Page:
Corsair 36

With Steve Marsh of the Finish Line, a dealer in Stuart, at the helm, we sailed close-hauled in 8-12 knots of wind with boatspeed consistently registering 8-10 knots. She sailed higher and tacked faster than other boats in the fleet, and as quickly as the F-31. She seems to pivot on her daggerboard, and tacked through 95-100°.

When the wind angle moved deeper than 35°, we hoisted a “screacher,” essentially a high-clewed, 180% drifter, and speed increased to 12-15 knots. She heeled 5-10°, carving through a modest chop on the surface. Performance in these conditions was as good or better than the F-31.

The sheeting angle of the headsail is adjusted via a canvas strap attached to the hull beams. It allows the clew position to be moved in and out, much like a barberhauler.

As the wind backed, we punched through small swells by elevating the height of the screacher tack, easing the tack line from the cockpit.

A big difference between monohulls and multihulls is that when a puff hits, most monohulls will use up some of that force by heeling to it, while a good multihull will stay firmly on its feet and use the force for acceleration. The C-36 does this admirably.

Steering through a jibe with a screacher on the sprit-equipped boat is challenging, since the screacher moves between forestay and furler. Once the boat is headed dead downwind and the boom centered, the jibe is completed by quickly turning to weather to fill the sail while the crew tensions the new sheet and the mainsail is eased.

The boat moved easily through the harbor at 5-7 knots with the quiet 20-hp. four-stroke outboard.

The current base price for the Corsair 36 is $199,000, including the 20-hp. motor, FOB Chula Vista. In reality, a well-equipped boat will cost closer to $215,000-$225,000, including sails and trailer ($7,638) but without race gear or spinnaker. Options include the propane stove with hot water system, ($875); pressure water ($2,275); Standard Eclipse VHF radio and antenna ($645); spinnaker control kit ($3,720), and screacher controls ($1,969), which require the spinnaker controls.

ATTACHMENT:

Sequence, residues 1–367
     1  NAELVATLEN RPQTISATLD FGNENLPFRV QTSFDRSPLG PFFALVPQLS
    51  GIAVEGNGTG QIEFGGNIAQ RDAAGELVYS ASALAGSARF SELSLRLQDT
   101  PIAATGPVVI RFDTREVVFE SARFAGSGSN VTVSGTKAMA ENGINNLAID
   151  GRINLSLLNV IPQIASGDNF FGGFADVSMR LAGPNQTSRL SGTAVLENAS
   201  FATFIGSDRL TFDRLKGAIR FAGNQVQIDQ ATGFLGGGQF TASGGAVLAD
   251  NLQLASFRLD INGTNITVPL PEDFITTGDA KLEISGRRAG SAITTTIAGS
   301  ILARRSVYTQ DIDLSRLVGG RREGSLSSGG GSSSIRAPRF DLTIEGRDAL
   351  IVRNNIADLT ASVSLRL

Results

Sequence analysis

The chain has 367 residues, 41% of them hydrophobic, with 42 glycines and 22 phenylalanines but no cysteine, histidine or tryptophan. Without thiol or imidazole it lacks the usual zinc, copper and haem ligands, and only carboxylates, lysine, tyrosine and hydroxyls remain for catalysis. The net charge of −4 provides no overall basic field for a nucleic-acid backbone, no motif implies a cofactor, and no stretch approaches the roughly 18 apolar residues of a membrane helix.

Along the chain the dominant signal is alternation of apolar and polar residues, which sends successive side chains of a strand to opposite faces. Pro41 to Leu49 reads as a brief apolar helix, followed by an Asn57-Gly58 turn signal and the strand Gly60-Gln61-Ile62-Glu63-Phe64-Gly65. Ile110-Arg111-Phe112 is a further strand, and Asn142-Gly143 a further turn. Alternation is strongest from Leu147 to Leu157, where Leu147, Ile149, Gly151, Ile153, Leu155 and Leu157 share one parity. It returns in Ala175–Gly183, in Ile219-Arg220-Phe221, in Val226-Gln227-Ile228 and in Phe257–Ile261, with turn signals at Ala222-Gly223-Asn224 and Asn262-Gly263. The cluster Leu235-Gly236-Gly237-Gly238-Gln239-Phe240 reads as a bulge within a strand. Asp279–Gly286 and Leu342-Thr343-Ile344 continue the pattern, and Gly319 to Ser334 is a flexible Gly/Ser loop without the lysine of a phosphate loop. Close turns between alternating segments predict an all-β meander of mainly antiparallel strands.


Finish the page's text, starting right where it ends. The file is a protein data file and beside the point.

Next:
When we first examined Corsair boats years ago, it was with a skeptical eye. While sailing characteristics weren’t questioned, folding tris are complex. We worried about the lightweight construction methods and durability; the toughness of the ama-aka combination; viability as a trailerable vessel, and high price.

Time has alleviated most of those concerns, even the ones about cost, because, in this case, you’re paying for things that work.

The C-36 is certainly fast. Not many boats this size, even other multihulls, will cruise easily at 12-15 knots. She’s also versatile. Her shallow draft offers opportunites to picnic on the beach, or anchor close to shore, away from the mooring field, and yet her foldability means that she can hover in crowded areas when necessary. And she can be towed down the highway for cruising or racing far afield.

Corsair says the boats can be rigged, unloaded, and ready to sail in an hour. Based on real-life observations, we think the time will vary with the size and physical prowess of the crew.

Cockpit seating is large enough to seat six comfortably underway or at the dock. Down below, it’s bright and clean-looking, but creature comforts don’t compare in size or appointments to a middle-of-the-road 36′ monohull equipped with nav station, wine rack, and entertainment center—if that’s your bag. On this boat, the entertainment is found underway.

The high initial cost for trailerable folding trimarans tends to produce sticker shock, since a similar-sized monohull can be purchased for 25% less. On the upside, well-maintained, newer used tris are selling for 75-85% of their original price.

This new boat will appeal to sailors who prefer sleekness and speed to “cushiness,” which is not the same as “comfort.” Aboard boats, comfort is linked to function, and by that definition she’s comfortable enough.


Contact – 877/FASTTRI,

Darrell Nicholson
Practical Sailor has been independently testing and reporting on sailboats and sailing gear for more than 50 years. Supported entirely by subscribers, Practical Sailor accepts no advertising. Its independent tests are carried out by experienced sailors and marine industry professionals dedicated to providing objective evaluation and reporting about boats, gear, and the skills required to cross oceans. Practical Sailor is edited by Darrell Nicholson, a long-time liveaboard sailor and trans-Pacific cruiser who has been director of Belvoir Media Group's marine division since 2005. He holds a U.S. Coast Guard 100-ton Master license, has logged tens of thousands of miles in three oceans, and has skippered everything from pilot boats to day charter cats. His weekly blog Inside Practical Sailor offers an inside look at current research and gear tests at Practical Sailor, while his award-winning column,"Rhumb Lines," tracks boating trends and reflects upon the sailing life. He sails a Sparkman & Stephens-designed Yankee 30 out of St. Petersburg, Florida. You can reach him by email at